Patients had colon capsule endoscopy followed by CT colonography on the same day and outcome assessors were blinded to the results of the other test. If a polyp or mass at least 6 mm in size was detected on either test, the patient underwent repeat colonoscopy within 1 month. If both tests were negative, however, patients did not receive a repeat colonoscopy and were assessed for missed cancers by clinical follow-up at 1 year. Colon capsule endoscopy detected polyps at least 6 mm in size in 25 patients, with only 1 false positive result and no false negative results. CT colonography, on the other hand, only detected polyps at least 6 mm in size in 14 patients, with 2 false positive results and 12 false negative results. Taken together, the colon capsule endoscopy had a relative sensitivity of 2 (95% CI 1.34-2.98) compared to CT colonography. The remaining 74 patients with negative results on both tests reported no missed cancers during mean 20-month follow-up.
This study shows that colon capsule endoscopy may detect more polyps than CT colonography after an incomplete colonoscopy. The absolute diagnostic accuracy of these tests, however, could not be determined in this study. Patients with negative results on both tests did not have a follow-up colonoscopy and therefore a true false negative rate could not be determined due to the possibility that a patient could have had a false negative result on both tests. The follow-up period was insufficient to clinically rule out a missed cancer and equally important, a missed polyp (a key point of the screening being to detect precancerous lesions). Further studies with longer follow-up durations are necessary to determine the proper management after a negative evaluation with either colon capsule endoscopy or CT colonography.
For more information, see the Colonoscopy and Virtual colonoscopy topics in DynaMed.
DynaMed Introduces New and Improved Mobile App
February 5, 2015
DynaMed users can now access valuable, evidence-based content anywhere with the new DynaMed mobile app. The new app has been redesigned to make it easier and faster for physicians to find answers to clinical questions. The app features an improved user experience, seamless authentication and easy access to the latest clinical content. It provides offline access, and the ability to denote favorites, email topics and write and save notes about particular topics. Users download the complete DynaMed content set and periodically receive notifications to update the content.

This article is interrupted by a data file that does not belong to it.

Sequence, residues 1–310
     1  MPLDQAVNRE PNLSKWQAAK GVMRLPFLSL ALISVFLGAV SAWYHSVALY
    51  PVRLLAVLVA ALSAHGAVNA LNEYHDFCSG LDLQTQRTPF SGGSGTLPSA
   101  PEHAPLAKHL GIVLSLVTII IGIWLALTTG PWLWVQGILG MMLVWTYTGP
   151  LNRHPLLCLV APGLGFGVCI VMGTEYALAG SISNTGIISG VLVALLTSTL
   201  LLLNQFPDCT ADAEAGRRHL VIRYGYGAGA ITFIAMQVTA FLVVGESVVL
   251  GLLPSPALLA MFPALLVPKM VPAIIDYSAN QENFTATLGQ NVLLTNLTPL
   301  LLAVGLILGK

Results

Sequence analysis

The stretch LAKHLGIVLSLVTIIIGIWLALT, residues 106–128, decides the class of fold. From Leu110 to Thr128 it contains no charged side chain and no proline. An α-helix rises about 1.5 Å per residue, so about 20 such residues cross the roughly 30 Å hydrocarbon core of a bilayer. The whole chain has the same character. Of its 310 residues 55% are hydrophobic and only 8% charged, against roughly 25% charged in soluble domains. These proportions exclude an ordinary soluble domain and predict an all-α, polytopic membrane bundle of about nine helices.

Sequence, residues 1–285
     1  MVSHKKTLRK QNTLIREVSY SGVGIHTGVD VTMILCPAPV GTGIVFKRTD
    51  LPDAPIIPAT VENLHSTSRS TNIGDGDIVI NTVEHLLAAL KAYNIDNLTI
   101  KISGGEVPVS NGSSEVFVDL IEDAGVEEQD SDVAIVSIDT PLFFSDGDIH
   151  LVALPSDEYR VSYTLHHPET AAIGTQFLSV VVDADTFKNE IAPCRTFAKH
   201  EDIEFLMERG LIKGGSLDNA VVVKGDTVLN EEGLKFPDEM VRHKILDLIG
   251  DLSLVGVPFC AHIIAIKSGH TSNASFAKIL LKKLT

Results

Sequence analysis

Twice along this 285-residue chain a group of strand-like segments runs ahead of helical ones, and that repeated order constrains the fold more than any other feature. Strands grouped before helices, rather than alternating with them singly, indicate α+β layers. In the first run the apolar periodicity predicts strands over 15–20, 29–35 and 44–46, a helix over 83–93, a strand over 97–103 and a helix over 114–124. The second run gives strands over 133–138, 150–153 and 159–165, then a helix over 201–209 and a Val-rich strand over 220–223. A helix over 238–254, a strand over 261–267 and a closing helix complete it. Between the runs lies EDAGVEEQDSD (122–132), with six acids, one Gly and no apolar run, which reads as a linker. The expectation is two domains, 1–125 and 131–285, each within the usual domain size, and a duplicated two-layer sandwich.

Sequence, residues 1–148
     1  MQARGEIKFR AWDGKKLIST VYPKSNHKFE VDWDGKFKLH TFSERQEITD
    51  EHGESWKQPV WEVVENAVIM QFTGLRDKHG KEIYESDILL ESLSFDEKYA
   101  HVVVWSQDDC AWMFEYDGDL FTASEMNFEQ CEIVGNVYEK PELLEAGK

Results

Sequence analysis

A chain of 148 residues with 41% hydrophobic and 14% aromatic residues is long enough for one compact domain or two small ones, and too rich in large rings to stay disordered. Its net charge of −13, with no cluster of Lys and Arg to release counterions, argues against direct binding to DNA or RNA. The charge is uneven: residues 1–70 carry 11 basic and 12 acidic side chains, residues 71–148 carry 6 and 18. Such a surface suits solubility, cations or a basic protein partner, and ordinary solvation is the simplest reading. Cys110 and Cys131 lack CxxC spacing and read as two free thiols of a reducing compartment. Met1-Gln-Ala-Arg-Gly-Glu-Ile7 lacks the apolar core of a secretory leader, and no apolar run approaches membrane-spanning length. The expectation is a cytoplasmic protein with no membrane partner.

The DynaMed app is a complimentary part of personal and institutional DynaMed subscriptions. The app has also been designed for easy, one-time authentication via email, making the process as convenient as possible.
The app can be downloaded from the iTunes Store or Google Play. For more information, please visit the DynaMed Mobile Access page.
Bronchiolitis and Respiratory Distress in Children
PEMSoft Complimentary Webinar
Thursday, February 26, 2015 @ 2:00 pm EDT
Join Sean Fox, MD, Associate Editor-in-Chief of PEMSoft for a short lecture on bronchiolitis and respiratory distress in children.
Dr. Fox is Associate Professor for the Department of Emergency Medicine and Assistant Program Director for Emergency Medicine Residency at Carolinas Medical Center in Charlotte, North Carolina. He is the 2014 recipient of the ACEP National Emergency Medicine Faculty Teaching Award, the chair for the ACEP Pediatric Emergency Medicine Section and the director of the Emergency Medicine residency didactic curriculum. Dr. Fox received his medical degree and a combined residency in Emergency Medicine/Pediatrics at the University of Maryland. He also manages several educational websites geared toward the practice of emergency medicine
Click here to register.
The DynaMed editorial team is seeking specialist editors in the following fields: ENT, Gastroenterology, Hematology, Oncology (especially Breast cancer, Head and neck cancer, Pancreatic cancer), Ophthalmology, Orthopedics, Pediatric Neurology, and Vascular.
If interested, please send a recent copy of your CV to Rachel Brady at email@example.com.